The refugees were arrested by Zimbabwe’s anti-crime squad and border guards two weeks ago while trying to cross into South Africa using illegal routes.The Somalis some of whom have not eaten for many days go through hell crossing porous Central African borders into Zimbabwe where they rest for days before proceding to South Africa-the continent’s economic powerhouse.
South Africa itself is host to thousands of Somali refugees the majority of whom live in Cape Town.According to the United Nations High Commission for Refugees the war in Somalia has driven thousands of refugees into exile.Some never reach their destinations and die on the way especially in the harsh conditions of the Democratic Republic of Congo (DRC).
There are reports that some of the Somalis have been admitted at the Beitbridge Hospital suffering from malaria and other diseases.One of the refugees was reported to have died at a Zimbabwean police station before being taken to hospital.Chief Police Superintendent Hosiah Mukombero who is in charge of Beitbridge town confirmed to Journalists the death of one of the refugees.
Those who had been arrested were taken to the prison at Beitbridge, where they are waiting to be transported to Tongogara refugee camp. The camp has more than 1800 refugees from all over Africa. The challenging economic and political environment places constraints on the implementation of humanitarian programmes in Zimbabwe. With most refugees restricted to Tongogara camp, the possibilities for moving away from dependence on humanitarian assistance and towards self-reliance are limited.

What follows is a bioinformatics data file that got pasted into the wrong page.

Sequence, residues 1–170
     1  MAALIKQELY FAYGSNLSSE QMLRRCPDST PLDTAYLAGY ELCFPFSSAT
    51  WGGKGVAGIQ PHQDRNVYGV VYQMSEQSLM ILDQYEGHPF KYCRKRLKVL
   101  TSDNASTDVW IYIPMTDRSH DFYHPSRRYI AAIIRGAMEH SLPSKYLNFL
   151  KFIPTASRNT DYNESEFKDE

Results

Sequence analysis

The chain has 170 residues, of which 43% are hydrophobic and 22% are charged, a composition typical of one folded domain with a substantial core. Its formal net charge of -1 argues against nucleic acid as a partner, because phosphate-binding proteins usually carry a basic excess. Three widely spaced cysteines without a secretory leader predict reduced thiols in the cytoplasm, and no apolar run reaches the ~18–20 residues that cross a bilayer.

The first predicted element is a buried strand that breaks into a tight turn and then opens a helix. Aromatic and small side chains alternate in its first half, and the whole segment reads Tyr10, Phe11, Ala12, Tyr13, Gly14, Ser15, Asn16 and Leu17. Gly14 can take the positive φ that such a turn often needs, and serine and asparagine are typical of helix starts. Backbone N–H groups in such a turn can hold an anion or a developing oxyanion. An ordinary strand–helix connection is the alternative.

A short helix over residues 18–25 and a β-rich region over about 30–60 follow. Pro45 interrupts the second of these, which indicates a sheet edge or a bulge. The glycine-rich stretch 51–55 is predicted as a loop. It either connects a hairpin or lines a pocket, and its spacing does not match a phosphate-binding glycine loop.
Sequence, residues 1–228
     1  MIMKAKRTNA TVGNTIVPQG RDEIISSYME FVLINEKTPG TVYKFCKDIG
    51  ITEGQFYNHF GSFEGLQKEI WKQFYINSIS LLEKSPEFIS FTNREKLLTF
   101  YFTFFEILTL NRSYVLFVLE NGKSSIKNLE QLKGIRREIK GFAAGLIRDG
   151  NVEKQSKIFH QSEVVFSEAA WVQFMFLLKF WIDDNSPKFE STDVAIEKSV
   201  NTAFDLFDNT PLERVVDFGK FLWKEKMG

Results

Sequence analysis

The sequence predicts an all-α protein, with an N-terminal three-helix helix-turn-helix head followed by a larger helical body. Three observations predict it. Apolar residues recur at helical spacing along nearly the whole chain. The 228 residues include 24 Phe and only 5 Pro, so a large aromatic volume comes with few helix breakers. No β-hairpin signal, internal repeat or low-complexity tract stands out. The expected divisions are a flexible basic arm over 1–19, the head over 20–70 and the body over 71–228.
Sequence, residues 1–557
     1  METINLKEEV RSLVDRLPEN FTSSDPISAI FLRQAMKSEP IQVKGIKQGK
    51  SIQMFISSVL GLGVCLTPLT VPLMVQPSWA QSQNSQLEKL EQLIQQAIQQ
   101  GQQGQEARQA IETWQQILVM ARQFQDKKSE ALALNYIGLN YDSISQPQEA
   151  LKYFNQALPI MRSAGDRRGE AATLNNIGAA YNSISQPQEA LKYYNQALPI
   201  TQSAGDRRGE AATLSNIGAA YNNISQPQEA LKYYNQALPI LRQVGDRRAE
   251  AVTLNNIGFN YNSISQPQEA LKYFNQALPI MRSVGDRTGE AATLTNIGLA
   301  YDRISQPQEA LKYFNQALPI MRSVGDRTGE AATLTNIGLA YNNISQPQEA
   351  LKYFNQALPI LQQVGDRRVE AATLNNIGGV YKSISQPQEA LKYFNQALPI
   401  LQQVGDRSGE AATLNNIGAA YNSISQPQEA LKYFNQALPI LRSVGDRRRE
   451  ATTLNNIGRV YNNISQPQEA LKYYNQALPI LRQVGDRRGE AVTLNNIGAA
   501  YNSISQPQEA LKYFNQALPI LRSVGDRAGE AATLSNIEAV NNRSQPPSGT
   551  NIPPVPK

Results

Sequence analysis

Sending refugees back from South Africa puts a strain on Zimbabwe’s capacity, especially at a time of political uncertainty . South African Home Affairs spokesman Ronnie Mamoepa told the Times that his country has to uphold international law when dealing with refugees.
“It means they should have handed themselves to authorities in the first country they got to after fleeing Somalia. From there they can work on applying for asylum, and we would address the situation. At the moment these people do not even have identification particulars so there is no reason why we should take them in,” he said.
Other Somali refugees in Beitbridge are receiving assistance from the International Organisation for Migration (IOM) which has offices and temporary holding centres in the border town.